Tim Burton's Frankenweenie
Tim Burton gives a dead dog a bone and remakes his own film.
When it comes to movie remakes, for a prequel or sequel to actually surpass the quality of an original is a pleasant yet altogether infrequent surprise. Godzilla was almost laughable, and it's widely assumed that no one who acts in the 2011 prequel of John Carpenter's 1984 movie The Thing will ever be able to rival Kurt Russell's facial hair. With this kind of track record, one may be excused for steering well clear of any remakes for the rest of their movie-watching life. Do the back-of-the-bus ads for Footloose upset anyone else as much as they upset me?
But just when we thought all hope for a good remake is lost in the depths of crappy acting and CGI, talk of Tim Burton's Frankenweenie (to be released in 2012) has us questioning the stereotype, for a number of reasons. Firstly, Frankenweenie is not so much a remake as it is a testament to the toughening up of the masses. Originally written for release in 1984, Disney fired Burton on completion of the film, on the grounds of the film being 'too scary' for young audiences. Perhaps the dissemination of violent video-game culture isn't all bad, after all? Since realising the extent of Burton's artistry (and, the ability to make them a buck) Disney have modified their stance and have agreed to release the film under their name. Anything that's too controversial for Disney holds more than enough remake potential.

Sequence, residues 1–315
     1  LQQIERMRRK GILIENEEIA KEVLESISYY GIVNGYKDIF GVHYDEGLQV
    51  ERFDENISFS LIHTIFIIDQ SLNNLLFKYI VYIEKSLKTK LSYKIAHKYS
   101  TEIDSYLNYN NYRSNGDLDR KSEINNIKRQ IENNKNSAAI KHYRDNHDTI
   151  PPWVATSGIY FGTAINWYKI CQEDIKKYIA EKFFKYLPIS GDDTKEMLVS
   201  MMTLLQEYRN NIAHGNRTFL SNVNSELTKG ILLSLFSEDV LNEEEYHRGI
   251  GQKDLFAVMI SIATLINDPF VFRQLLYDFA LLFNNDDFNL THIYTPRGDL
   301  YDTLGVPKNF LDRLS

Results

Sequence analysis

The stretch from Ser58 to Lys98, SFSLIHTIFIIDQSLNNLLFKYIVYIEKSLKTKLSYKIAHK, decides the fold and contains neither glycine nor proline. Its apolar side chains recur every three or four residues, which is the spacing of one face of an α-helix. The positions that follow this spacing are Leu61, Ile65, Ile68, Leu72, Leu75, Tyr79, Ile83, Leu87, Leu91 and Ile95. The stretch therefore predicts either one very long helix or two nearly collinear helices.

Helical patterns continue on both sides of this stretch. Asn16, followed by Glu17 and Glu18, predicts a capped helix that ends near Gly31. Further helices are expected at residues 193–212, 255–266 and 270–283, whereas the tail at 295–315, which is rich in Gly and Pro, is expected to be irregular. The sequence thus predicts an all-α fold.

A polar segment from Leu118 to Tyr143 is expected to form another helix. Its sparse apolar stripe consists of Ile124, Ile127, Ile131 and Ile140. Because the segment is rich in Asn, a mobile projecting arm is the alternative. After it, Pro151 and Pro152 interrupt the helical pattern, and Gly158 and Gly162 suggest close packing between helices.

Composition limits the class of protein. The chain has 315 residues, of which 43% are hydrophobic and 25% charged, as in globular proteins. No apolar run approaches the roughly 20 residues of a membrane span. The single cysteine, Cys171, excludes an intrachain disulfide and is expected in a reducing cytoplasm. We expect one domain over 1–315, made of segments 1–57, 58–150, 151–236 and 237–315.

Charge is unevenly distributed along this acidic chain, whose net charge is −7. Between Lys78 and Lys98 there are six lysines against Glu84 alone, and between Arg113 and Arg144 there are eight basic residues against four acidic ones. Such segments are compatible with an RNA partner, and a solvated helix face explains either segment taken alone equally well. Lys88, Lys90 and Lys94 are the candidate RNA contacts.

Secondly, Tim Burton himself is doing the remake, meaning that (hopefully) the magic of the 1984 short featurette (starring Shelley Duvall and Sofia Coppola!) will transcend the decades past and manifest in a more technologically enlightened century. Frankenweenie is a stop-motion film, meaning physically manipulated objects are made to appear to be moving on their own. Considering the time and effort involved (the object is moved in small increments between individually photographed frames), this is a feat in itself. To top it off, Burton has added a third dimension to his black and white masterpiece as an extra demarcation from the original.
Another reason we're not so quick to write this re-write off is the charmingly childlike, yet sufficiently dark and broody subject matter. Not only does Burton pay homage to homage to James Whale's Universal classics (Frankenstein and Bride of Frankenstein, 1931 and 1933 respectively), he also brings the fantasy of being able to keep that much-loved pet forever, even if that involves an entire neighborhood being on zombie-dog watch constantly. Sparky and his young owner form a union that will touch the heart of the toughest remake skeptic.
The release date for Frankenweenie is set for October 5 2012 in the US.
PS: You can watch the original Frankenweenie if you have the DVD of The Nightmare Before Christmas!